"It's easy to focus only on per user, per month costs for vendor software, but you also need to factor in costs for things like technical support packages, system implementation and user training," said Michael Rochelle, chief strategy officer and principal human capital management analyst with the Brandon Hall Group in Delray Beach, Fla. "If a CFO doesn't see those kinds of expenses included, they'll immediately know you've greatly underestimated costs. HR buying teams should be prepared to have a full TCO discussion with a prospective vendor."
Negotiate at the End of a Vendor's Fiscal Quarter or Year
Salespeople often are anxious to meet their numbers at the end of a fiscal quarter or fiscal year and are more likely to offer discounts to quickly get deals on the books in those periods, experts say.
"Vendors work on different fiscal years and quarters, so it's important to know what those are and try to swing deals in those time periods," Hanscome said.
Don't Hide That You're Talking to Competitors
Don't shy away from applying competitive pressure in negotiations, experts say. "Be clear up front about which of the vendor's competitors you may be talking to," said George LaRocque, founder of WorkTech, an HR technology advisory company in New York City. "There is a rate card for most of these systems, and salespeople are usually empowered to move off of that card fairly quickly. There's nothing like some competitive pressure to find out what the vendor's bottom-line numbers really are."
Be Assertive in Negotiating Renewal Terms
Some vendor contracts include automatic contract renewal language. Try to remove or modify such conditions, experts say. "I usually recommend automatic renewal language be struck from a contract and replaced by an option to renew at the close of the contract at a set percentage hike," Hanscome said. "You don't want to be at the mercy of a vendor's automatic price hike at renewal."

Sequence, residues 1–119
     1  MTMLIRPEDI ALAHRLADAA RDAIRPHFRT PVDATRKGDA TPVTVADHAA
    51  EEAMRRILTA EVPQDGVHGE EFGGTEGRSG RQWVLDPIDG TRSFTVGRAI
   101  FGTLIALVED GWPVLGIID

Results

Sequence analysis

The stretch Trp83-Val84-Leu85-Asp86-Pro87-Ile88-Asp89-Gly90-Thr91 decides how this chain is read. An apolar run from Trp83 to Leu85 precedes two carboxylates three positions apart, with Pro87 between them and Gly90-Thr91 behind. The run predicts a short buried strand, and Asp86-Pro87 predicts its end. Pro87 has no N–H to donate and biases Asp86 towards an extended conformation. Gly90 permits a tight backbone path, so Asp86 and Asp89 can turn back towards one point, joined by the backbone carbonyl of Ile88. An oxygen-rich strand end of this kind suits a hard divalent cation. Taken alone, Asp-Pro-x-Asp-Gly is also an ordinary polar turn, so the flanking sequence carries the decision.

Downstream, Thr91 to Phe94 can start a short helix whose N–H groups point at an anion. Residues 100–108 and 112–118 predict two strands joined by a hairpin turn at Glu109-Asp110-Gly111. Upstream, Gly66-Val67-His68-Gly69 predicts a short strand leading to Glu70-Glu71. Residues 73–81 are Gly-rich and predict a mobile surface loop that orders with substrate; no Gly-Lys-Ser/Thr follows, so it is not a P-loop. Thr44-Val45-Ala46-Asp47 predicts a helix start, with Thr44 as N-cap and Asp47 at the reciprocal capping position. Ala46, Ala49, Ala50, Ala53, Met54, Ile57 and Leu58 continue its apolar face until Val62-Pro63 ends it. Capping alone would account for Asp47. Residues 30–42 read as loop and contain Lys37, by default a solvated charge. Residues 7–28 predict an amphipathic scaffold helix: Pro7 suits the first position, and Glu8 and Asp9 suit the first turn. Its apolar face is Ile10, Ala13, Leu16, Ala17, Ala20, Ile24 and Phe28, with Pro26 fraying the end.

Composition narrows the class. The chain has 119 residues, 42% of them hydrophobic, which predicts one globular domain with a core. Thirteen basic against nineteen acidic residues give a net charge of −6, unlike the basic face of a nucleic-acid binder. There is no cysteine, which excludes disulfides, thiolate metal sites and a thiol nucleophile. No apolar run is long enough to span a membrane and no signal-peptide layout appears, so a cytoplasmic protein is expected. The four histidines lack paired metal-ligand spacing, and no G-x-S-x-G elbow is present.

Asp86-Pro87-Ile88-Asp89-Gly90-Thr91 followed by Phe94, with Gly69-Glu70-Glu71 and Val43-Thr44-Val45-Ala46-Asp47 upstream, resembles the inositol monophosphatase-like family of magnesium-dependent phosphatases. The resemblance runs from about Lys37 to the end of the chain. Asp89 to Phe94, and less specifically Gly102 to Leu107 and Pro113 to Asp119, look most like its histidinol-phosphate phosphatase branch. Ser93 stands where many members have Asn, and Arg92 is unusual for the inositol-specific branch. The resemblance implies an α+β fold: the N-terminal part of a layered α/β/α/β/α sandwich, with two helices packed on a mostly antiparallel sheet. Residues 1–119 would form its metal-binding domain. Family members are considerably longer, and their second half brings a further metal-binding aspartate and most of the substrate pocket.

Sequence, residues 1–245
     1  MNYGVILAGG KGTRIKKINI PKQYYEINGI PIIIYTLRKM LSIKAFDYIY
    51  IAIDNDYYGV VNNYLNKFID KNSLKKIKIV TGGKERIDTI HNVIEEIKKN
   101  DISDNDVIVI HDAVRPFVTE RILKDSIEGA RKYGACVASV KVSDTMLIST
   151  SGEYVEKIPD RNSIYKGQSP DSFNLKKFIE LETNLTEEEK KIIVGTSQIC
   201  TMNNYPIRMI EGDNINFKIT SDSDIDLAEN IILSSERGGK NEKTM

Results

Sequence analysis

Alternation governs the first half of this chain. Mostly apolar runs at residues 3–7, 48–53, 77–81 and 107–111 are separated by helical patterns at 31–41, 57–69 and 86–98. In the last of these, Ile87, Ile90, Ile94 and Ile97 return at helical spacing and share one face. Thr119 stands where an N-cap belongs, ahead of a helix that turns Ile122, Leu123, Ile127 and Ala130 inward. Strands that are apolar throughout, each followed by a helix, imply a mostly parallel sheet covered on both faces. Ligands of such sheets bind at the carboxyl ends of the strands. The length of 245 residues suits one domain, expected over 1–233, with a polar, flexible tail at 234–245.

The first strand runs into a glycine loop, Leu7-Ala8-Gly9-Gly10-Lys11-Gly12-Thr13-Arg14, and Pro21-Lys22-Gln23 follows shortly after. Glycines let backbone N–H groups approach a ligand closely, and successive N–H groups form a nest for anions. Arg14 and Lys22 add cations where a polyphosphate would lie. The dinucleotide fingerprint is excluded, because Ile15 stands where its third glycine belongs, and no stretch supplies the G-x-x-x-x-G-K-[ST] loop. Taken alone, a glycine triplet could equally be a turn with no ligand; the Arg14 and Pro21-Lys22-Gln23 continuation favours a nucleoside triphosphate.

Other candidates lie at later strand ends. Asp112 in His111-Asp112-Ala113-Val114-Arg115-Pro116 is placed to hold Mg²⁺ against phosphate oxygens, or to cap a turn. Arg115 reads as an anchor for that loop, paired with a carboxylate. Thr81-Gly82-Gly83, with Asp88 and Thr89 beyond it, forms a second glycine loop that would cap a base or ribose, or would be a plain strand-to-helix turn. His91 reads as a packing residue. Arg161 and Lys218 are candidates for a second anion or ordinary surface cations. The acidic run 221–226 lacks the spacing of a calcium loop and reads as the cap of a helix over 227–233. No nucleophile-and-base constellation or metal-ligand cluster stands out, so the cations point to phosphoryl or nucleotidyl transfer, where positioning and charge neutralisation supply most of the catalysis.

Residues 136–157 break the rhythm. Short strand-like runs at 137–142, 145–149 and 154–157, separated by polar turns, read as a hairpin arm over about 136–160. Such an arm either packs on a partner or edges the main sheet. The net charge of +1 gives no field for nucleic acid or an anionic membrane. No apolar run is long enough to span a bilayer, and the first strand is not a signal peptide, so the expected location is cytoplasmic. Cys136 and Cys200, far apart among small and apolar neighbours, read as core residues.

Consider Longer Contract Terms for Better Pricing
HR buyers sometimes seek shorter contract terms for fear of overcommitting to a vendor who may not live up to their expectations. But experts suggest considering longer contract periods to get better pricing.
"Selecting and then implementing new systems like a core HR and payroll suite are long, exhausting efforts," Hanscome said. "You need to ask yourself how likely you really are to switch to a new vendor in three years. If you're confident in the new vendor after doing extensive due diligence, you should consider a five- to seven-year term, because that could provide you with a nice price discount."
Ensure You Meet Customer Support Staff—Before Inking the Contract
The vendor salespeople who negotiate your contract will no longer be in the picture by the time you start using a new system. Make sure you meet the person or team responsible for customer service after the sale, experts say.
"That is who you have to live with after the purchase," LaRocque said. "The vendor should make available the person who will be managing your account so you can get to know their capabilities before you sign the contract."
It's also important to understand the stipulations of service level agreements (SLA) around issues like system uptime, data access, security and more, LaRocque said. "Know what your escalation path is for any service issues you run into, so you won't have to rely on calling an 800 number when there are any urgent problems."
Dave Zielinski is a freelance business writer and editor in Minneapolis.